Essay by Daniel Miller

Daniel Miller won the 2020 $600 Diana Mossip Local Group Scholarship.

My goal is to improve global food systems. To that end, I’ve set a career goal to improve America’s food supply through the creation of a specialty food company. My company will create new produce markets for the edible parts of vegetables that are currently discarded in our supply chain, like carrot greens and sweet potato leaves. This will transform 3 to 6 million pounds of daily waste to 3 to 6 million pounds of highly nutritious vegetables.

There have been many pivotal steps that have gotten me to this point. I have chosen courses, volunteer opportunities, and jobs that allowed me to examine the global food system’s complexities from different perspectives. I have also ensured that I gain the required skills to run a business.

My passion to work in food systems was sparked as an undergraduate at USC. I spent a summer with The School for Field Studies to contribute to marine ecosystem research projects. I saw firsthand how implementing restorative fishing practices stimulated the local economy, improved the quality of seafood being sold, and helped restore a thriving marine ecosystem.

To start my career, I gained financial analysis experience at S&P Capital IQ. I then transitioned to an outside sales role at an education company to better understand the revenue generating side of businesses.

Outside work, I found activities to expand my exposure to the food industry. I participated in an education program that taught me about urban agriculture, and urban food chains. I volunteered with Food Forward to understand the volume of produce normally wasted. I volunteered with the Los Angeles CleanTech Incubator, performing due diligence on the food and agriculture sector and providing guidance on their investment strategy.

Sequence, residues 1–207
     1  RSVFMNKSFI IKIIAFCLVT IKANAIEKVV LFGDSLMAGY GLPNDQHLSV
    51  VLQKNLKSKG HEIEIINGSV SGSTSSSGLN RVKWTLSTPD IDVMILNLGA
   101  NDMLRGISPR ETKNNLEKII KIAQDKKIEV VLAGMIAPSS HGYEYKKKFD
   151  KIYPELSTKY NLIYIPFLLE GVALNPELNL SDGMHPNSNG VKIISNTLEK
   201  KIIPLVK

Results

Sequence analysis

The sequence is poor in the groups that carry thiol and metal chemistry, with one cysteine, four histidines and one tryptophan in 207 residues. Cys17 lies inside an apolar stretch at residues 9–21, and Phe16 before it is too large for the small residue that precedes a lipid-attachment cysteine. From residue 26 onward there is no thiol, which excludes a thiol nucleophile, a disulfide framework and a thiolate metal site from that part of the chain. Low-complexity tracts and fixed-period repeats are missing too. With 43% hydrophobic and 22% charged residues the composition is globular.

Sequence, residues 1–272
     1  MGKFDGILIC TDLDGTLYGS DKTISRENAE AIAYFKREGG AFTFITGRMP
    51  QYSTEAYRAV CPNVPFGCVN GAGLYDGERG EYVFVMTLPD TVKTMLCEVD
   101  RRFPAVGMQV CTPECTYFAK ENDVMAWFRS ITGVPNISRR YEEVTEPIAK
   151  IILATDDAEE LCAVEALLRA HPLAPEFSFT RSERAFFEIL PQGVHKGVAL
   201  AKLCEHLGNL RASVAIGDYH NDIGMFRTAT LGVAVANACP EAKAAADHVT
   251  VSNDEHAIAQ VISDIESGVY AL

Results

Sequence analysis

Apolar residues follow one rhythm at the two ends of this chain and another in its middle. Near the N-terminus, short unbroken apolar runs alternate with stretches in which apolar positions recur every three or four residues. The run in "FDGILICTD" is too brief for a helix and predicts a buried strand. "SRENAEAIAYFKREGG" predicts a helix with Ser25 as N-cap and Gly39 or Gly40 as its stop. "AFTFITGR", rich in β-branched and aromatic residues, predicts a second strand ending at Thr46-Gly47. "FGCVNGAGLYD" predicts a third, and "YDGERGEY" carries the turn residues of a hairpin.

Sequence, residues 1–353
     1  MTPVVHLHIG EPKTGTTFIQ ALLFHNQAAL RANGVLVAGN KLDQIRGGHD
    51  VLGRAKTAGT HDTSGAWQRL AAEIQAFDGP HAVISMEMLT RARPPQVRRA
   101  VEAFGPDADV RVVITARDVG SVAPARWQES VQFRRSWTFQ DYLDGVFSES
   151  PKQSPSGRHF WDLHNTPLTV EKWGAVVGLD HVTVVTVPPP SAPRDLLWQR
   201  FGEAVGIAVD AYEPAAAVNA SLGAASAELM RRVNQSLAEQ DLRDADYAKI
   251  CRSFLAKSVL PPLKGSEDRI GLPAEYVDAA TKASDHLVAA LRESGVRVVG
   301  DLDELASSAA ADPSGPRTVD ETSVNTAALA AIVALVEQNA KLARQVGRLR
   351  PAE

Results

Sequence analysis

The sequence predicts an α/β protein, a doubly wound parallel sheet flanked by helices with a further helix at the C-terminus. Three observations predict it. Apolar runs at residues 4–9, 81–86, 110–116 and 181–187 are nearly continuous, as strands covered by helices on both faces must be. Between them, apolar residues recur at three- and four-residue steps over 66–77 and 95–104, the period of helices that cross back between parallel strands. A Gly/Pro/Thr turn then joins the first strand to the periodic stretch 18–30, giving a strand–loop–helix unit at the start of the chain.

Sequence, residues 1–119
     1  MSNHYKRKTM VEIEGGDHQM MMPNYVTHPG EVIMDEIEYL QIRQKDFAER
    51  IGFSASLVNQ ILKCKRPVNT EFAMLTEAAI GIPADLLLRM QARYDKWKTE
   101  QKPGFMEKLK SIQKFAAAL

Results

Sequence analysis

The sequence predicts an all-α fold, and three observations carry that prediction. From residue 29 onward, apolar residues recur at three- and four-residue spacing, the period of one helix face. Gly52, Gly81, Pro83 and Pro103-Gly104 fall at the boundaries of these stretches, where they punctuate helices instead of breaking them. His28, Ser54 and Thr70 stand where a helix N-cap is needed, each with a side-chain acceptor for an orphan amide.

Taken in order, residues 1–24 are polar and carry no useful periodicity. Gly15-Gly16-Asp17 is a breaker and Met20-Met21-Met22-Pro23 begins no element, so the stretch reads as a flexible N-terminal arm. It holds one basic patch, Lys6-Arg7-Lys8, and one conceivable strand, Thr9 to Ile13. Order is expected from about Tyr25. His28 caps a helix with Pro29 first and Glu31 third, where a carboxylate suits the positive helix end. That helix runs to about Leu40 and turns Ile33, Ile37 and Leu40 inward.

After a career move to XPRIZE, I managed one project focused on the creation of tablet-based education software for out of school children, and another on the creation of artificial intelligence technologies designed for a social good. Although not directly related to food, these projects equipped me to properly manage and excel at working on complex projects tackling large-scale, global issues.

After 6 years of work experience, I’ve bridged the gap between my personal passion and my career through the Sustainability Management MS program at Columbia University. The program combines business, environmental science, economics, finance, and public policy. I’ve learned skills to create a sustainable business, like incorporating sustainability frameworks into financial analyses, and conducting greenhouse gas accounting.

This upcoming semester, I am excited to take a course that teaches the history and roles of science, policies, politics, institutions and economics in advancing agriculture and food security. I also plan to work at Columbia’s Center for Sustainable Investment assisting a research project on incentives that support responsible investment in agriculture. This summer I plan to work on a farm on Long Island, NY to get first-hand farming experience. I know that if I am to succeed in food and agriculture, I will need to have truly lived the life of a farmer to empathize with them.

Because my path has jumped across disciplines, I have obtained a wholistic understanding of food systems. I welcome the challenges I will learn from as I continue to apply my skills towards this field, which is why I am confident I am along my path to success.

 

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